It can be also described as mapping bits {a, b, c} to {a, b, c XOR (a AND b)}. This can also be understood as a Modulo operation on bit c: {a, b, c} → {a, b, (c+ab) mod 2} often written as {a, b, c} → {a, b, c ab}[4]

The Toffoli gate is universal; this means that for any Boolean function f(x1, x2, ..., xm), there is a circuit consisting of Toffoli gates that takes x1, x2, ..., xm and some extra bits set to 0 or 1 to outputs x1, x2, ..., xm, f(x1, x2, ..., xm), and some extra bits (called garbage). A NOT gate, for example, can be constructed from a Toffoli gate by setting the three input bits to {a, 1, 1}, making the third output bit (1 XOR (a AND 1)) = NOT a; (a AND b) is the third output bit from {a, b, 0}. Essentially, this means that one can use Toffoli gates to build systems that will perform any desired Boolean function computation in a reversible manner.

Related logic gates[edit]

The Toffoli gate can be constructed from single qubit T- and Hadamard-gates, and a minimum of six CNOTs.
  • The Fredkin gate is a universal reversible 3-bit gate that swaps the last two bits if the first bit is 1; a controlled-swap operation.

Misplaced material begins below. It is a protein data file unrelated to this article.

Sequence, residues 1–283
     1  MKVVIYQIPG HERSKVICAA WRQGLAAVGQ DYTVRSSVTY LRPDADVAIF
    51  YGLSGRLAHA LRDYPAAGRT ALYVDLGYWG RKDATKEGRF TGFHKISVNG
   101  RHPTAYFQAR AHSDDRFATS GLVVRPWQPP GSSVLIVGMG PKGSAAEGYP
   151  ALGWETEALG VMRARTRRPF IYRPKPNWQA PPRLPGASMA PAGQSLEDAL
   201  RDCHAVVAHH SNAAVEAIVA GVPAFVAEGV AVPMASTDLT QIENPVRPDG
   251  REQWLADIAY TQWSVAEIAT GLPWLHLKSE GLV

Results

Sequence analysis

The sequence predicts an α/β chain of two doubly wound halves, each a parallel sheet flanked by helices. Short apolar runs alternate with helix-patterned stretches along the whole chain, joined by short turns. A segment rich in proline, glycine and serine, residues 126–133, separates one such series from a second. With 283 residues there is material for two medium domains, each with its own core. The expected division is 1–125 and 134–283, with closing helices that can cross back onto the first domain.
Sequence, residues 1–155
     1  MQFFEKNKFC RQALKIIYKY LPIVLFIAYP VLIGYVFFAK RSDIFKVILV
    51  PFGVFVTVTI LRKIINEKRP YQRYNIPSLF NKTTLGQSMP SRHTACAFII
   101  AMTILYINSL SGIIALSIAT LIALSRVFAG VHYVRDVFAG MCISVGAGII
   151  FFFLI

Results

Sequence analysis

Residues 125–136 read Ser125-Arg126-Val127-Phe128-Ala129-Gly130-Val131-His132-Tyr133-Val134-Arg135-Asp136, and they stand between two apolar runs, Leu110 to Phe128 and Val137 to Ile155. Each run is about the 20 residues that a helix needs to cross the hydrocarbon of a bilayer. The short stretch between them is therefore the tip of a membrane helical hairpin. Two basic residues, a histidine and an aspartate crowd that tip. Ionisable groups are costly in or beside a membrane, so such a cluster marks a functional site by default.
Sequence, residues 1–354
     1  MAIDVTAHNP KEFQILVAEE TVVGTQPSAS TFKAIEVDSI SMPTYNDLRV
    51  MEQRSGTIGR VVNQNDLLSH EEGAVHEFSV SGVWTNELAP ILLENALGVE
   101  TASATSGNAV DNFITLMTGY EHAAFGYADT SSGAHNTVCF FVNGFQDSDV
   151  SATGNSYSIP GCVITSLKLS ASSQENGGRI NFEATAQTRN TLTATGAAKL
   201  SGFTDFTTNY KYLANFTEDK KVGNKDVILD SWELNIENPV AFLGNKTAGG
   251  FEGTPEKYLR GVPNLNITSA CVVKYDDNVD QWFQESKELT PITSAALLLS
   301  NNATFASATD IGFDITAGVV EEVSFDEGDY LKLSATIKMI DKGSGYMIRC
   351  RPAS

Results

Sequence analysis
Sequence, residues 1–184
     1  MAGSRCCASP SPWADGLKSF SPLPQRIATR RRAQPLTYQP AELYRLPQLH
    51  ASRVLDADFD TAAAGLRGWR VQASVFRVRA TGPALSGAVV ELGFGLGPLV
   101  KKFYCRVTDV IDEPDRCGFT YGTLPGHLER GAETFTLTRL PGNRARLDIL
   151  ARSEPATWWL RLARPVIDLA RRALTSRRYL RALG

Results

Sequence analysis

• The n-bit Toffoli gate is a generalization of the Toffoli gate. It takes n bits x1, x2, ..., xn as inputs and outputs n bits. The first n−1 output bits are just x1, ..., xn−1. The last output bit is (x1 AND ... AND xn−1) XOR xn.
  • The Toffoli gate can be realized by five two-qubit quantum gates,[5] but it can be shown that it is not possible using fewer than five.[6]
  • A related quantum gate, the Deutsch gate, can be realized by five optical pulses with neutral atoms.[7] The Deutsch gate is a universal gate for quantum computing.[8]
  • The Margolus gate (named after Norman Margolus), also called simplified Toffoli is a quantum logic gate very similar to a Toffoli gate but with a -1 in the diagonal: . The Margolus gate is also universal for reversible circuits and acts very similar to a Toffoli gate, with the advantage that it can be constructed with about half of the CNOTS compared to the Toffoli gate.[9]

Relation to quantum computing[edit]